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Missed opportunity knocks on door of a decade of debt

Conservative leader David Cameron says the Budget was “a missed opportunity” and called the Government’s economic model “fundamentally bust” huge level of borrowing.

Speaking after the Budget in the House of Commons on Wednesday afternoon, Cameron said that in the next two years this Government would be borrowing more than all the Governments since the Bank of England was created over 300 years ago.

He said: “This Prime Minister has certainly got himself in the history books. He has written a whole chapter in red ink – Labour’s decade of debt.”

He also questioned why Chancellor Alistair Darling had not announced any specific measures to overhaul the banking regulatory system.

He said: “Where was the plan to regulate the banks and regulate credit properly? Isn’t it time to end the tripartite system and restore the Bank of England to its proper place of regulating debt and the economy.”

Cameron asked where was the great fiscal stimulus that the Prime Minister promised before the G20 and said the Government could not afford a proper stimulus because they have run out of money.

The Tory leader said that no other country in the world is in as bad a position as the UK and said that everyone – not just the rich – would have to pay the price for Labour’s failures through the rise in taxes on consumer goods such as alcohol and petrol announced in the Budget. He said: “These are not taxes for the few, they are taxes for the many introduced by this Labour Prime Minister.”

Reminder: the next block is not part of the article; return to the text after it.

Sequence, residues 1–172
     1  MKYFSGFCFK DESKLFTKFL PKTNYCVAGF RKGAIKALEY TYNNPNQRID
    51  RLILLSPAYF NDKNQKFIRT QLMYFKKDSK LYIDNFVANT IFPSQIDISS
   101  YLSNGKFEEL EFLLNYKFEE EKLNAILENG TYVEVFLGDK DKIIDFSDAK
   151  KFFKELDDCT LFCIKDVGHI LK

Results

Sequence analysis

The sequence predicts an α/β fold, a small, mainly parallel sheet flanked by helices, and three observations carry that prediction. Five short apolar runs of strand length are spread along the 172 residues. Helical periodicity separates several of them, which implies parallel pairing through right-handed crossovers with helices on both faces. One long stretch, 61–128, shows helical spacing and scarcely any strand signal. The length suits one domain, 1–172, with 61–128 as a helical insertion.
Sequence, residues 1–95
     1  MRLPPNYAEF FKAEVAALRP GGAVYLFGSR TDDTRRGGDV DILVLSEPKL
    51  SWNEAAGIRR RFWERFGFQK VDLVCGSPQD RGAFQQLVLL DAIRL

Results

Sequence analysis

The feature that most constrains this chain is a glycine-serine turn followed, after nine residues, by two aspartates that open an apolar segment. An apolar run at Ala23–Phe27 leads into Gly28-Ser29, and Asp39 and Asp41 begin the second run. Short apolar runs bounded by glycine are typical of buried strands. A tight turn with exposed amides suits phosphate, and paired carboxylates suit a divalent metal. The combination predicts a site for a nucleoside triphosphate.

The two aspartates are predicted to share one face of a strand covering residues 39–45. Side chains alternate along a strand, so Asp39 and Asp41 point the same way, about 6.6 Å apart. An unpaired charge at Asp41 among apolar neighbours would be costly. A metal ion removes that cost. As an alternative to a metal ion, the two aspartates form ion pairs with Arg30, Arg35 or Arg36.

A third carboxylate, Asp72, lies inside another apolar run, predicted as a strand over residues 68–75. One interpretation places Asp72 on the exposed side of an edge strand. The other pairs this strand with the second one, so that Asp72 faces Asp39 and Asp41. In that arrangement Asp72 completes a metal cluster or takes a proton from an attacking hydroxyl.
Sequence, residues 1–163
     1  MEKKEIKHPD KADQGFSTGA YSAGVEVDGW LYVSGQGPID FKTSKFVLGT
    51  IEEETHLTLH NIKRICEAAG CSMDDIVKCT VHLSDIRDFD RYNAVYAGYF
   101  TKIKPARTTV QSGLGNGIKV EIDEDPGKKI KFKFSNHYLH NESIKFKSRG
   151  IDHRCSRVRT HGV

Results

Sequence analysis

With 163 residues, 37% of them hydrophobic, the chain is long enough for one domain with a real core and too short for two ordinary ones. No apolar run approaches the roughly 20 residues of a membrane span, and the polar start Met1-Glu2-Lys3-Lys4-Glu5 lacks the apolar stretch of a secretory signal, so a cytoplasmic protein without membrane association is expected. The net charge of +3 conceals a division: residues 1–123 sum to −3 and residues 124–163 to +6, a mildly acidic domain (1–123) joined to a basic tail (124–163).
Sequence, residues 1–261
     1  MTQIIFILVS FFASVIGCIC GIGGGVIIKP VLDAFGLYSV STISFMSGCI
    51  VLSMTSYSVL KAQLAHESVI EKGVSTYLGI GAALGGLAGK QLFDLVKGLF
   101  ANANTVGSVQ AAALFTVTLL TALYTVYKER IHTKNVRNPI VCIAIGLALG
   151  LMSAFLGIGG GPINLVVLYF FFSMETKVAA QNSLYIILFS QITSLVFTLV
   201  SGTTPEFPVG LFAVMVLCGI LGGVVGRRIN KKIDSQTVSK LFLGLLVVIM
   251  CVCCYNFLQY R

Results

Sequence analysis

He added: “This Budget was a missed opportunity. We need to move from an economy of borrow and spend to an economy of save and invest.”

Liberal Democrat Leader Nick Clegg also weighed in, calling the Budget a “pick and mix” of recycled announcements from a Government that is “incompetent at actually delivering help”.

Clegg said: “This Budget is a political supermarket sweep of random promises, without even a hint of a plan or any likelihood the promises will be put into practice.”

He also criticised the Chancellor for failing to sort out the UK’s “unfair” tax system.

He said: “Britain’s taxes are too heavy on those who can least afford it. And too easy to avoid for those who know how. The 50p rate will further encourage the very wealthy to avoid tax unless we tackle the unfair loopholes they exploit.”

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